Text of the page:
Employers must make First Quarter payments of PAYE and NICs by Friday 19 July 2019 if settled by cheque. If you pay electronically, then you have until Monday 22 July to make the payment. Tax retained under the Construction Industry Scheme must also be paid by the same date.
Construction Industry Scheme returns for the month from 6 June to 5 July 2019 should be submitted online by Friday 19 July. This includes NIL returns.
It is only too easy to get caught out by the need to submit a NIL return when no payments to subcontractors have been made. If you engage a local accountant to do your CIS returns, then this will be taken care of. In our case we keep a diary and do a batch of work at about the same time each month. We aim to be the accountants for small business that you will turn to for a range of advice and services. Our payroll files are bright yellow so they are hard to overlook, and CIS files also have a green line around them so they are easy to pick out.
The official deadline for submitting P11ds is this Saturday 6 July 2019. You will need to submit one if you are an employer who has given any non-cash benefits or benefits in kind to your employees, or if you have reimbursed any of your employees’ expenses. The P11d form uses brown boxes for benefits in kind, and blue boxes for reimbursed expenses. It is a complicated form which may be best left to an accountant! There is every possibility of putting something in the wrong box and you need to look carefully at the result of what you are doing rather than dumbly working through whatever software you might be using!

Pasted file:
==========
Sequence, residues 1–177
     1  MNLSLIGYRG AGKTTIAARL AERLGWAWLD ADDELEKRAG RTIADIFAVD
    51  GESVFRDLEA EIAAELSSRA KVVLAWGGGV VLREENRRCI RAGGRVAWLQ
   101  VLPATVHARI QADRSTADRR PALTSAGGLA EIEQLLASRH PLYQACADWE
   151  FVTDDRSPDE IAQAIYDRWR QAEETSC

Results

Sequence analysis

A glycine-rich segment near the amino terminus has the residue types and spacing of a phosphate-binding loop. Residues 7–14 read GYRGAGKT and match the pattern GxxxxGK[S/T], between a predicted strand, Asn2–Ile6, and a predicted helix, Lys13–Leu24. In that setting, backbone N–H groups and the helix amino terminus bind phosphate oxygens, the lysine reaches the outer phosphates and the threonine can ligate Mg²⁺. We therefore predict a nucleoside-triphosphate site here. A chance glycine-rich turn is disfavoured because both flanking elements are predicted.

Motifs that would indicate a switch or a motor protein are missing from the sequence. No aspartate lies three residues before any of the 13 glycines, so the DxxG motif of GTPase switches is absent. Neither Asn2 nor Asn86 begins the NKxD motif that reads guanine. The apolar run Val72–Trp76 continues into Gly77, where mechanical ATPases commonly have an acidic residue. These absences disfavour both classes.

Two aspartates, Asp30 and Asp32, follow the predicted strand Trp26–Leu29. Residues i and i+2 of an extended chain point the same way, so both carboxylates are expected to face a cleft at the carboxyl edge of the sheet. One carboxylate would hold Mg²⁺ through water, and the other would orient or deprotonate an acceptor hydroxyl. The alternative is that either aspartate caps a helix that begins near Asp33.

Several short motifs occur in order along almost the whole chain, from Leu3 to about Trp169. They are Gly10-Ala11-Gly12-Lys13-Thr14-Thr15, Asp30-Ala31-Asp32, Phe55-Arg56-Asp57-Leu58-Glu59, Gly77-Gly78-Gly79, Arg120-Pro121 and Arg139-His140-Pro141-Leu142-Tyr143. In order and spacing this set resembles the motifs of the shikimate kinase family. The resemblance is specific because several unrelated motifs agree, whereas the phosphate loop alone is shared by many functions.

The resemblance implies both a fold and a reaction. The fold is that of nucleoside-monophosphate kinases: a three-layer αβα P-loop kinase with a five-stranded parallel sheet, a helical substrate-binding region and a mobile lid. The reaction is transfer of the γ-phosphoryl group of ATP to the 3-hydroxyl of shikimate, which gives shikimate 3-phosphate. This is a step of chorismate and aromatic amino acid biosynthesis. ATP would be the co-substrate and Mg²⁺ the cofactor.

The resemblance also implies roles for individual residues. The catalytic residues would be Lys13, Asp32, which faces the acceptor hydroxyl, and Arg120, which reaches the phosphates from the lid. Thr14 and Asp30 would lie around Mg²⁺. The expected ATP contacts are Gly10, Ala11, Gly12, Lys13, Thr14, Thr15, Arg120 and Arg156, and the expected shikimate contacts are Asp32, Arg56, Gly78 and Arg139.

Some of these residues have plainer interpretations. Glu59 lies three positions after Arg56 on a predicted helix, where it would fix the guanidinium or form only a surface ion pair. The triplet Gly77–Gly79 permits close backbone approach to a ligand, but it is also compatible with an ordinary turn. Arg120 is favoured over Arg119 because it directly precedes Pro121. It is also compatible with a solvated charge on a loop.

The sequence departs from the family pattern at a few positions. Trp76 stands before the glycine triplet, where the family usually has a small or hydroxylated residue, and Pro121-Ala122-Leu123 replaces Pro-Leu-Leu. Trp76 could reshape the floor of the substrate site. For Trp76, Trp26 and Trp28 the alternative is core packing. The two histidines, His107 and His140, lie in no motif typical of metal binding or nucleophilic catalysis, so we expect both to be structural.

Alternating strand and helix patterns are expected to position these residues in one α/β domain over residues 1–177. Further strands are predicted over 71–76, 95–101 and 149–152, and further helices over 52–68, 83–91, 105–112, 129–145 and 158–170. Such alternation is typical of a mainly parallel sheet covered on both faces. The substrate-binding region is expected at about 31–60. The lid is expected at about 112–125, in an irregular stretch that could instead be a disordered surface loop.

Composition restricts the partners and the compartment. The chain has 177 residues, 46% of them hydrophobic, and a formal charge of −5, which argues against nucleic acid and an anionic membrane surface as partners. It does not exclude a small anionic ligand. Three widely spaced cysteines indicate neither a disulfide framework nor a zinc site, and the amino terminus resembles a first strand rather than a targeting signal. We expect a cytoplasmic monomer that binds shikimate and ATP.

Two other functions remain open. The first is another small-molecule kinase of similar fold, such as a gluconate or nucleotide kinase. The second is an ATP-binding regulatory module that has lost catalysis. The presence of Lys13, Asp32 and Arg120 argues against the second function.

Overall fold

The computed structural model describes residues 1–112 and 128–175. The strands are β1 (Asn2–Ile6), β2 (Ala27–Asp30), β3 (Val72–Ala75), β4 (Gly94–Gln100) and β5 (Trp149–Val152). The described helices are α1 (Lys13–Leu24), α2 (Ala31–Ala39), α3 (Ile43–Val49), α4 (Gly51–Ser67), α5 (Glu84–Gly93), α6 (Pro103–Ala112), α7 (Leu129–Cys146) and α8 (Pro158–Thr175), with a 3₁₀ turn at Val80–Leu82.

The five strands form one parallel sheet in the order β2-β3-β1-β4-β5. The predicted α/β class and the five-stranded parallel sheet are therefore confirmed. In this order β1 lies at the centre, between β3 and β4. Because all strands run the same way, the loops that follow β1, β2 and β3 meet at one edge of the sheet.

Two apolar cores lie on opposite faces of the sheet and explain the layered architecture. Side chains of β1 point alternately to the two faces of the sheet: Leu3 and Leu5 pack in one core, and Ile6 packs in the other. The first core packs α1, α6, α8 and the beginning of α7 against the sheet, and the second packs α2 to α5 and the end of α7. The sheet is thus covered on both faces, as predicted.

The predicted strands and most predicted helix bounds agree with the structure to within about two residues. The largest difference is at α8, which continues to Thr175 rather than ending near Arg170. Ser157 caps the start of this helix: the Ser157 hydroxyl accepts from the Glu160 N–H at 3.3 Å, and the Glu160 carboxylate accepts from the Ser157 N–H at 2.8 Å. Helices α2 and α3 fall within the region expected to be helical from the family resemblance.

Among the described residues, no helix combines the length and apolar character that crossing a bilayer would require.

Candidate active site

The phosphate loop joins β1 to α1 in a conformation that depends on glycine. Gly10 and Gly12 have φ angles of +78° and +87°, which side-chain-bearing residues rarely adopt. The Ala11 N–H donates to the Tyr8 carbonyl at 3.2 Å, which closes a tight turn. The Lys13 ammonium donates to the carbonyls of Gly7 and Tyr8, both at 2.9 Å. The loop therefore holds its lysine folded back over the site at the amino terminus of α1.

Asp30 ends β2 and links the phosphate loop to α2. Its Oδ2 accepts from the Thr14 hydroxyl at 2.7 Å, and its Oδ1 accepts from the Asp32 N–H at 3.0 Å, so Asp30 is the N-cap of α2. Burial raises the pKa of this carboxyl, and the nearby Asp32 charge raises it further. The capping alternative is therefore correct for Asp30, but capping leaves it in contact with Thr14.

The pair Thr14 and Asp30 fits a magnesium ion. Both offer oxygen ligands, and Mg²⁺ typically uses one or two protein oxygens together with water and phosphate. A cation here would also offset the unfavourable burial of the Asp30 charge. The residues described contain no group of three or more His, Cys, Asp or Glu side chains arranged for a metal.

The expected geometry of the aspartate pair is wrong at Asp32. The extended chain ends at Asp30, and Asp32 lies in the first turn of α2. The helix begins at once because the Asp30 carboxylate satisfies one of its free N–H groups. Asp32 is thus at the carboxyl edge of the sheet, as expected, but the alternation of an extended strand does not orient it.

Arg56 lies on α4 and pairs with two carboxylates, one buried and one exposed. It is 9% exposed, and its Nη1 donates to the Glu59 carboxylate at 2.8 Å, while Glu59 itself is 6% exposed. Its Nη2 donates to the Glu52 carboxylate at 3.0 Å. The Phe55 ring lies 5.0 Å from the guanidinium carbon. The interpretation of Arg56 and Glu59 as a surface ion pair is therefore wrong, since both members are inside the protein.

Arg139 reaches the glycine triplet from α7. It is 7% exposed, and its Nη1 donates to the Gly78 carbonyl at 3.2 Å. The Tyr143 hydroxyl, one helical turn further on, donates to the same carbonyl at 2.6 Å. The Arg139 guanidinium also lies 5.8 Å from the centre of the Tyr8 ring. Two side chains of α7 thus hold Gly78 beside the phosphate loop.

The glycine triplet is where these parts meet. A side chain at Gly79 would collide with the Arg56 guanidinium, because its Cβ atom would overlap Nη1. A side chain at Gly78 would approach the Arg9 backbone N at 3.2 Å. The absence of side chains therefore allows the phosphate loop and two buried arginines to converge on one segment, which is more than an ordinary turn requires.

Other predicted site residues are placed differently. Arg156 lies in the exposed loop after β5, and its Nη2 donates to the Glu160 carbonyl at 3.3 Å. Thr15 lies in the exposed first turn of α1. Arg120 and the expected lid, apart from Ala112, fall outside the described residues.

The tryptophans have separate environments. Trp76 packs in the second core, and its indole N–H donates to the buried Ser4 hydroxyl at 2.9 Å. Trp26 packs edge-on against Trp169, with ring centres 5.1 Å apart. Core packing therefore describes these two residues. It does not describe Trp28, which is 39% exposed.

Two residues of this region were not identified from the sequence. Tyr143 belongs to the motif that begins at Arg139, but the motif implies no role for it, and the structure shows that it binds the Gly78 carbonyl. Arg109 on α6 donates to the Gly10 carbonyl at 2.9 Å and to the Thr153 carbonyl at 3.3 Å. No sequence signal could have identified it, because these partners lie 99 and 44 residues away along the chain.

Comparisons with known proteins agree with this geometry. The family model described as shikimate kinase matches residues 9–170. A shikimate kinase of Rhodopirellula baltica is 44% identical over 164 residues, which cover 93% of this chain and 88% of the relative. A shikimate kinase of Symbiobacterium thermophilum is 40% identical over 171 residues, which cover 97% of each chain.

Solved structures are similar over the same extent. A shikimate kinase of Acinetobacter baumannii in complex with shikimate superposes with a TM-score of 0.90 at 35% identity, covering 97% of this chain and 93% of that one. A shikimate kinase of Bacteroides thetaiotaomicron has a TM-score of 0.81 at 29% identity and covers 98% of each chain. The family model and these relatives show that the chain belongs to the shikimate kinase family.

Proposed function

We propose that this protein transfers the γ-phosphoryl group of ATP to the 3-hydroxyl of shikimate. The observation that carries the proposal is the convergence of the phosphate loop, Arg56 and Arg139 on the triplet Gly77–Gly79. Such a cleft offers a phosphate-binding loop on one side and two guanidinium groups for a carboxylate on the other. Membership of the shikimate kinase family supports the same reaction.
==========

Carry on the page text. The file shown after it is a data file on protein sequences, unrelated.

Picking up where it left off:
Let’s say you are a bit late, and submit it on July 14th. Nothing will happen. You have until July 19th, a little bit of grace, to make the submission. If you submit it late after that, then you will be fined at the rate of £100 per month for every 50 employees or part thereof that you are late. However, the count of months is backdated to July 7th, so if you file on August 12th, you will be fined £200 per batch of employees.
It is just as well we say 6 July as the deadline, because when employers are late they tend to be very late. However, there is a bit of leeway if you are slightly late.
If your company had a deadline of Sunday 30 June 2019 for the submission of its accounts to Companies House, and this deadline has been missed, then you still have something to play for, and you should contact Carlisle accountants such as David Porthouse and Co at once. You will incur a penalty of £150, but this penalty rises to £375 after Wednesday 31 July 2019 if you still haven’t submitted your accounts. These penalties are £300 and £750 if you miss the deadline two years’ running. We can readily prepare and submit your accounts within the month if you contact us straight away.
Just stating the obvious, if you miss a deadline and incur a penalty, you still have the obligation of preparing and submitting accounts. That doesn’t go away and your penalty is just extra money you will need to pay.